AMBASSADOR BOUCHER: I guess I'm happy to give you the same answer I gave to your colleagues, and I don't understand a question that says, gosh, this is new and it hasn't worked in the past, because it's either not new or it has no history to it. So let's deal with the issue of, you know, previous agreements have put on paper things like -- previous agreements in these areas have put on paper things like no Taliban activity, no Talibanization, no al-Qaida activity, no cross-border activity. Where these agreements have failed is not in what they put on the piece of the paper, not the understandings reached with the militants or the tribes. It was the understandings were not kept and that there was no -- no one made clear that they had to be enforced. And so if you look back at what we've said, say in September 2006 when they reached the deal, we said maybe it'll work. And by the end of the year, we would say, hey, this is not working because it wasn't enforced. And it was a lack of enforcement that I think was the real problem there.

So everybody involved in doing this again, and it has happened many more times in various places, sometimes I suppose it's worked. But in reaching these agreements now, we just have to keep that experience in mind and make sure that everybody understands that it is important to work with the tribal leaders. And some of those involved in these discussions already make the distinctions that these are understandings being reached with the tribes, not with a militant organization. We'll see, that may be a better formula. But in the end, it's the outcome that matters: Are these agreements going to produce an end to the cross-border infiltration, and end to the suicide bombers that head into other parts of Pakistan as well as into Afghanistan, and an end to the plotting and planning of al-Qaida from this area?

The gentlemen that I talked today, the tribal leaders, the tribal elders from both sides of the borders, said they can; that given the right agreements and the right support, they can make sure it results in that kind of outcome. But we all understand, you know, it's the outcome that matters and we all have to be careful to make sure it achieves that outcome.

QUESTION: Can I follow up?

AMBASSADOR BOUCHER: Sure.

QUESTION: Thank you. So is the United States supporting Pakistan's effort to negotiate with the Taliban and reach a peace agreement with the Taliban and al-Qaida supporting groups in the tribal areas of Pakistan?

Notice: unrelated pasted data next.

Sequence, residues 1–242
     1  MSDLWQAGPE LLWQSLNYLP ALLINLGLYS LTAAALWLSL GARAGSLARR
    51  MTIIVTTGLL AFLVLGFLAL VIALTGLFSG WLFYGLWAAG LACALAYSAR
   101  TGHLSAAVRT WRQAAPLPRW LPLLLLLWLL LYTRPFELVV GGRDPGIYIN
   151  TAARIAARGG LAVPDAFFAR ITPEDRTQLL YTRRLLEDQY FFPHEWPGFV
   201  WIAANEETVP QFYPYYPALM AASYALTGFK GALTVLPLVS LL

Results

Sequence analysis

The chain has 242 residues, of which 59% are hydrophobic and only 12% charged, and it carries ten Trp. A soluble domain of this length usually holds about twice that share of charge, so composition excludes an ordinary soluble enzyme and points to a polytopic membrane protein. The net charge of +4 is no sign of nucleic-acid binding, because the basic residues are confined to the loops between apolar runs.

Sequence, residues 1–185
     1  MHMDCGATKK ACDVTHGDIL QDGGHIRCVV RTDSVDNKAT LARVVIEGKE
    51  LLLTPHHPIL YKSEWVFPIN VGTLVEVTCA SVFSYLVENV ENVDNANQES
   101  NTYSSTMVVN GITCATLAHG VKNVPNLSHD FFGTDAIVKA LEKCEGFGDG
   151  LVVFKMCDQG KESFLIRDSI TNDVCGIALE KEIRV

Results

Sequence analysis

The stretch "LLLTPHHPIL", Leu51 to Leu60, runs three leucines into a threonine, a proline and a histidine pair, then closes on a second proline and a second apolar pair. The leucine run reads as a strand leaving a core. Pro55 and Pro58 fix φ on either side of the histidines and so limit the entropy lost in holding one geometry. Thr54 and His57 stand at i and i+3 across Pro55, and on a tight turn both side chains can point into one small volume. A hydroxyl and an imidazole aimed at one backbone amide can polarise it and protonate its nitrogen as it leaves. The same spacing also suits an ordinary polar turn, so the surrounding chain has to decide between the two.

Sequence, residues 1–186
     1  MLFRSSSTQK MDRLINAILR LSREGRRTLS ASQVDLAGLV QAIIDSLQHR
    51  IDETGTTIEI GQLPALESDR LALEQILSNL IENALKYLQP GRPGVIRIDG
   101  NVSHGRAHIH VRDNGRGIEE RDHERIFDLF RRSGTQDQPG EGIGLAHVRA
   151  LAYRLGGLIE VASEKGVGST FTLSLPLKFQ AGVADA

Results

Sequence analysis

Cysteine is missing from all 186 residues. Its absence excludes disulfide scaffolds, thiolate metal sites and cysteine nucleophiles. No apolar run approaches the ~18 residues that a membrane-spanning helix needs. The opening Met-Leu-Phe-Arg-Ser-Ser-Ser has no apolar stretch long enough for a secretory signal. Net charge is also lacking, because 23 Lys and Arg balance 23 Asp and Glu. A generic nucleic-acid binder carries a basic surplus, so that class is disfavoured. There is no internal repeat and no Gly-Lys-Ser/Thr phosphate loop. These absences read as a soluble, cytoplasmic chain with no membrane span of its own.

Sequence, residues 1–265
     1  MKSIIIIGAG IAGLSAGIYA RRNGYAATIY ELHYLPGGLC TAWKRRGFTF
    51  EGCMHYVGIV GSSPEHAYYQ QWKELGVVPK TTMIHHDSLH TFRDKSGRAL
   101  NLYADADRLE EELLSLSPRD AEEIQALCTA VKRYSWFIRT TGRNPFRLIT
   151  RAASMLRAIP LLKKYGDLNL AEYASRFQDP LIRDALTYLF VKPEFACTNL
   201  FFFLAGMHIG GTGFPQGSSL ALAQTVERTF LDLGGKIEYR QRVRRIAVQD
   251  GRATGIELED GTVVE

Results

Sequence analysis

AMBASSADOR BOUCHER: We understand that negotiating with the tribes, and I make a distinction between the tribes and the Taliban and al-Qaida, but negotiating with the tribes especially, is one of the tactics that needs to be used, along with other measures. But in the end, any particular agreement can only be judged by whether it stops militant activity and produces a safer situation for all.

MODERATOR: We only have time for two more questions, so let's go here.

QUESTION: Thank you. Navbahor Imamova from the Voice of America. Kazakhstan, which has been emerging as an economic leader in Central Asia, has been offering an idea of creating a union in the region to create a free trade zone, to create the visa free zone. And Uzbekistan, which is the largest country in the region, just rejected that idea, saying that they are not ready. Does the U.S. support that idea? And also could you comment on the military assistance that Uzbekistan has been offering in Afghanistan? Are they -- is U.S. using the base in Uzbekistan? Thank you.

AMBASSADOR BOUCHER: First, we have always supported regional cooperation. Many of the problems that the countries in the region face, even, you know, I've talked before about the problem of fruit, how do the melons of the Fergana Valley get to the breakfast tables of New Delhi? And if you start looking at that, it's tons of regulatory problems, government problems. It's probably the government -- the cooperation between governments is more necessary in order to have -- than even some of the roads to make this kind of opportunity, this kind of exports, happen. So we do a lot to try to encourage cooperation between the countries of the region.

In the end, how they are going to work this out and what structures they're going to create, it's up to them. I don't think -- you know, this is not a place for big countries to push small countries around. This is a place for these countries to establish their own sovereignty and independence and decide how they want to relate to each other. So rather than having some outsider like me or somebody else tell them how to organize themselves, they are going to have to figure that one out. So I value the attempt to do so, and I just hope they keep trying to work something that results in real cooperation between the countries.

As far as Uzbekistan and NATO, there is a provision that they've agreed to with NATO that there can be transit of certain ISAF and NATO officials through Termez base. That doesn't involve any additional foreign aircraft, and it's not U.S. aircraft coming through. There were a very small number. I think when I checked last, something like 30 people this year, Americans who are under NATO command who have actually transited through that base on German aircraft.